Italian Gardens: Caserta Royal Palace
- WTI Magazine #95 Sep 15, 2017
Located on the slopes of the Caserta hills, the Reggia di Caserta (Caserta Royal Palace) is a historical residence that belonged to the Royal House of the Bourbons of Naples, declared a World Heritage Site by UNESCO. Built at the behest of Charles III of Bourbon in 1751, under the direction and design of architect Luigi Vanvitelli, it is surrounded by a vast park, which extends for 3 kilometres of length, with south-north development, on 120 hectares of surface area. The park is divided into two sectors: the Italian Garden and the English Garden.
The Italian Garden and the English Garden
At the center of the rear façade of the palace, the central main boulevard starts with a series of fountains, pools, waterfalls and the famous Great Waterfall which, starting from the northern edge of the Italian Garden, connects to the English Garden. The latter was built in 1785 by Sir John Andrew Graefer at the behest of Queen Maria Carolina of Austria, impressed by the trend of the moment in vogue in Europe of the English style gardens designed by William Kent.
The English Garden occupies an area of about 23 hectares on which Graefer planned the arrival of different species of plants from England, America and The Netherlands for his botanical studies, and in a short time gave life to hills, clearings, lakes and canals fed by the waters of the Carolino Aqueduct. Following the landscape fashion, many fabriques were built to help stop and relax the royal family, amid fake ruins and winding paths. Attention to botany influenced part of the activities carried out inside the garden: there was in fact a fruit-bearing plant, an asparagus, a phrasing plant with works aimed at the cultivation and multiplication of bulbs, ornamental plants and leguminous plants. Vaseries and stoves were organized to help these functions.
The Bourbon Greenhouse and the Bath of Venus
In a secluded recess of the English Garden there is an iron and glass greenhouse for the cultivation of plants: called Bourbon Greenhouse (Serra Borbonica), it is an interesting example of a building designed to protect plants and an important testimony of the structures that began to appear in the early nineteenth century in the main Italian gardens. The neoclassical façade is punctuated by a series of imposing Doric columns. The roof has been replaced with an iron and glass roof that enhances the interior brightness.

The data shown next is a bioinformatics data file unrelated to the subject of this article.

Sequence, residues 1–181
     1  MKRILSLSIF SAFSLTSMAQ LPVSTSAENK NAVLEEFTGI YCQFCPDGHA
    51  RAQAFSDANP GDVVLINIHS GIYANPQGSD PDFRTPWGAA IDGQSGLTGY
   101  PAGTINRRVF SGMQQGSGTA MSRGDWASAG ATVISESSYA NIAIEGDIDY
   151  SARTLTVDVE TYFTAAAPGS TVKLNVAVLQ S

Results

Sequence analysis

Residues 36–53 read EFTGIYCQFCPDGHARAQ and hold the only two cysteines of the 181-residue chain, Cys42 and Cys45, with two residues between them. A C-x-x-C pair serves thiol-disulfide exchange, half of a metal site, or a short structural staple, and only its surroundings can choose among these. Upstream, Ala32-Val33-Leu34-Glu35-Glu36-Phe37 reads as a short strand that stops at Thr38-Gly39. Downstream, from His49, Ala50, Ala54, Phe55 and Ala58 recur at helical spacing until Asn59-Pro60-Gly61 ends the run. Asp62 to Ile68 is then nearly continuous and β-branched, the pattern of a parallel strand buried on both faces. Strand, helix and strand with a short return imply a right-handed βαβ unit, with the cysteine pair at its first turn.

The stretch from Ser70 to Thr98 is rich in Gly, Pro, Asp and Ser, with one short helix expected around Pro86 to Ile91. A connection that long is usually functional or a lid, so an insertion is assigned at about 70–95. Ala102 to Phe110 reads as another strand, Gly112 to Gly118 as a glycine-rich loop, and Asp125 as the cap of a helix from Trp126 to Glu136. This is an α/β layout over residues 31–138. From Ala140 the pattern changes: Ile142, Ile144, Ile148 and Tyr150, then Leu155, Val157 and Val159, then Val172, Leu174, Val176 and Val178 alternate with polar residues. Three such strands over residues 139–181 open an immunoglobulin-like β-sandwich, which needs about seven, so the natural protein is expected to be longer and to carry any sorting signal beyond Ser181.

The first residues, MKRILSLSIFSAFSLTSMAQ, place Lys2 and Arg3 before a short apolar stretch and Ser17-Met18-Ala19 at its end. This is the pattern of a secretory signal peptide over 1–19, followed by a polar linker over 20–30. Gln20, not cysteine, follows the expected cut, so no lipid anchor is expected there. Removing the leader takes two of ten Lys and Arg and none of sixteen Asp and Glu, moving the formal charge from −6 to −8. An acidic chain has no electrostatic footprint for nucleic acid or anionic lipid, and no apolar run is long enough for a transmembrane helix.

Another suggestive environment rich of picturesque views is the Bath of Venus (Bagno di Venere), so called for the presence of a marble statue of Carrara that portrays the goddess in the act of coming out from the water of a small lake, surrounded by a forest of laurels, holm oaks and an exceptional 100 year old specimen of Taxus baccata.
The plants in the English Garden
The English Garden became a veritable botanical garden where were visible significant examples of Cinnamomum camphora, Cedrus libani and what is supposed to be the first camellia plant (Camellia japonica) arrived in Europe and destined for the garden at the will of Maria Carolina. It is divided into different areas, dedicated to 14 vegetable collections such as palm trees, cacti, holly trees, holly trees in the ground, aquatic plants, oaks, eucalyptus, maples, walnuts, boxwoods, conifers, fruit trees, camellias and ferns.